Monkeypox Arrives In South Carolina

Two confirmed cases reported …

Public health officials in South Carolina are confirming the state’s first cases of the Monkeypox virus.

According to a statement from the S.C. Department of Health and Environmental Control (SCDHEC), two cases of Monkeypox have been confirmed in the Palmetto State – one in the Lowcountry region of the state and another in the Midlands. The two individuals are being “monitored until they are no longer infectious to prevent spread of the virus,” the statement added, and will be “isolated if needed.”

“We understand residents have concerns about how this virus might impact our state,” state epidemiologist Linda Bell said. “We expected infections to eventually occur in South Carolina as part of the larger international outbreak, which is why DHEC has been planning a response for weeks. That said, monkeypox doesn’t spread easily and we believe the risk to the general population remains low at this time.”



Like Ebola, HIV and rabies, Monkeypox is a zoonotic virus – meaning it is caused by a pathogen which made the leap from an animal to a human. According to the U.S. Centers for Disease Control and Prevention (CDC), the disease was “first discovered in 1958 when two outbreaks of a pox-like disease occurred in colonies of monkeys kept for research.”

“The first human case of monkeypox was recorded in 1970,” the agency added. “Since then, monkeypox has been reported in people in several other central and western African countries.”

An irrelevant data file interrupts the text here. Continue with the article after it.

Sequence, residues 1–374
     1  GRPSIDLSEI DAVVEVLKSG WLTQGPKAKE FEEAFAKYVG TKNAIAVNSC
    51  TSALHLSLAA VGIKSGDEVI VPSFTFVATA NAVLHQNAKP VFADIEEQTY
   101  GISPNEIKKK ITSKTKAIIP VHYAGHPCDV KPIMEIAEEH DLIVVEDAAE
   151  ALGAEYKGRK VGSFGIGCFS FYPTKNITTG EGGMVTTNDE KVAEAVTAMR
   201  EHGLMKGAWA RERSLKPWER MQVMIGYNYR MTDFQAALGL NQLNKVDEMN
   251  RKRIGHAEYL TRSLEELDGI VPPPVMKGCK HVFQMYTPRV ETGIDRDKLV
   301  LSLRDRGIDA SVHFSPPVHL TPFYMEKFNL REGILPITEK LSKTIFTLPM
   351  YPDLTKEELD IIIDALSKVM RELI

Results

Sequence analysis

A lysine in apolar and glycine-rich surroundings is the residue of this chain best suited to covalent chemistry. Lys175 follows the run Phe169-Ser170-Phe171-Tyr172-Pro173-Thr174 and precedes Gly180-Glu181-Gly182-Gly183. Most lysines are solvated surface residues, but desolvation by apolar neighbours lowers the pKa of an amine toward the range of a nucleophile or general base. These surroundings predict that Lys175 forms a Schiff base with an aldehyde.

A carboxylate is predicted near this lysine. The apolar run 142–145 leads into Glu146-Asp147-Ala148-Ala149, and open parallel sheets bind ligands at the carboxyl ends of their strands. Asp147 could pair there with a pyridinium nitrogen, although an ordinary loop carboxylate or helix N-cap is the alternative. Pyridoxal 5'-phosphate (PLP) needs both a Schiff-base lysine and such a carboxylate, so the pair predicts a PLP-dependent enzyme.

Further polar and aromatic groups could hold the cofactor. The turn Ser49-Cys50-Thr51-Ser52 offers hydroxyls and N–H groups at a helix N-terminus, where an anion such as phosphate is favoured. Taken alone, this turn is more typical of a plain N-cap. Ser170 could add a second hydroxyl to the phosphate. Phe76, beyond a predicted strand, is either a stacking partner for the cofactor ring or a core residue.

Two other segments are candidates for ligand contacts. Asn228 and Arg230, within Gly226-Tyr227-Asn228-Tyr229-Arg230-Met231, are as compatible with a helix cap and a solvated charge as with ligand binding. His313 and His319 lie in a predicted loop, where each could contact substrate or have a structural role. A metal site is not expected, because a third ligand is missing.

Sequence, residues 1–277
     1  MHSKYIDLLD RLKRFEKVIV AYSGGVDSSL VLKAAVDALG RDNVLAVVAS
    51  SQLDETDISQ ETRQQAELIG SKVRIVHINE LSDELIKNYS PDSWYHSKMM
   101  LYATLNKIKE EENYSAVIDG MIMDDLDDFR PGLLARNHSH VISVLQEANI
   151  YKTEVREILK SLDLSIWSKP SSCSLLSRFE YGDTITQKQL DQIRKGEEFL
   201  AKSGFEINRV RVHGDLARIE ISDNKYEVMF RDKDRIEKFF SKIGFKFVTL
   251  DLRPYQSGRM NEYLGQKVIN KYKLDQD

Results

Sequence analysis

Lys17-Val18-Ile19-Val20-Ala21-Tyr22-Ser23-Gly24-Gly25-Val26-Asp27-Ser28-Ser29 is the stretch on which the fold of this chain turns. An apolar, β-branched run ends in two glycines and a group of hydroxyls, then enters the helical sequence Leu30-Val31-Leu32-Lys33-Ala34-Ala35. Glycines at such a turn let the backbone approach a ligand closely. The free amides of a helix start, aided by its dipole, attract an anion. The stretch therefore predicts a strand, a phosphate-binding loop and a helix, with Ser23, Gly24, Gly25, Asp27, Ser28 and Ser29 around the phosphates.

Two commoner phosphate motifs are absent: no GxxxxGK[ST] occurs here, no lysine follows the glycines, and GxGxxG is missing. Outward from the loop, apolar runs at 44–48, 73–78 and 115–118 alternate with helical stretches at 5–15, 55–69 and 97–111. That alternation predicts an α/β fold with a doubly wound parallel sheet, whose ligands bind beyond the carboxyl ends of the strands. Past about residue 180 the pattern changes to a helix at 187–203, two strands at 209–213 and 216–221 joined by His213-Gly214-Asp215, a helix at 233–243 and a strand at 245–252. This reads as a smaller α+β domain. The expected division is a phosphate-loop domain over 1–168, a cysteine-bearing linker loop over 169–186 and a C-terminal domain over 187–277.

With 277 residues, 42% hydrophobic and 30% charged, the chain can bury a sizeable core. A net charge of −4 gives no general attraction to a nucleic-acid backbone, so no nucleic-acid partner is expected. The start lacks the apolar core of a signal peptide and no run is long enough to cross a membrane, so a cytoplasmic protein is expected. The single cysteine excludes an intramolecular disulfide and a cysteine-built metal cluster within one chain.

The current Monkeypox outbreak was confirmed in May 2022 in the United Kingdom after an individual there returned from a trip to Nigeria, where the virus is endemic.

South Carolina health officials described Monkeypox as “a rare but potentially serious viral illness.”

“The typical illness begins with flu-like symptoms and swelling of the lymph nodes that progresses to a rash on the face and body, but we are learning that many cases in the current outbreak do not have the typical onset and the rash may only appear on part of the body,” the agency’s release noted. “Most infections last two to four weeks.”

The virus is transmitted from prolonged face-to-face or skin-to-skin contact – as well as through sexual intercourse and via “contaminated materials,” like the clothing and linens of an infected person.

Citizens concerned about having been exposed to Monkeypox or who have “a new unusual rash” are encouraged to contact their health care provider.



(Via: Johanna Folks/ FITSNews)

Will Folks is the founding editor of the news outlet you are currently reading. Prior to founding FITSNews, he served as press secretary to the governor of South Carolina. He lives in the Midlands region of the state with his wife and seven children. And yes, he has LOTS of hats (including that St. Louis Cardinals’ lid pictured above).



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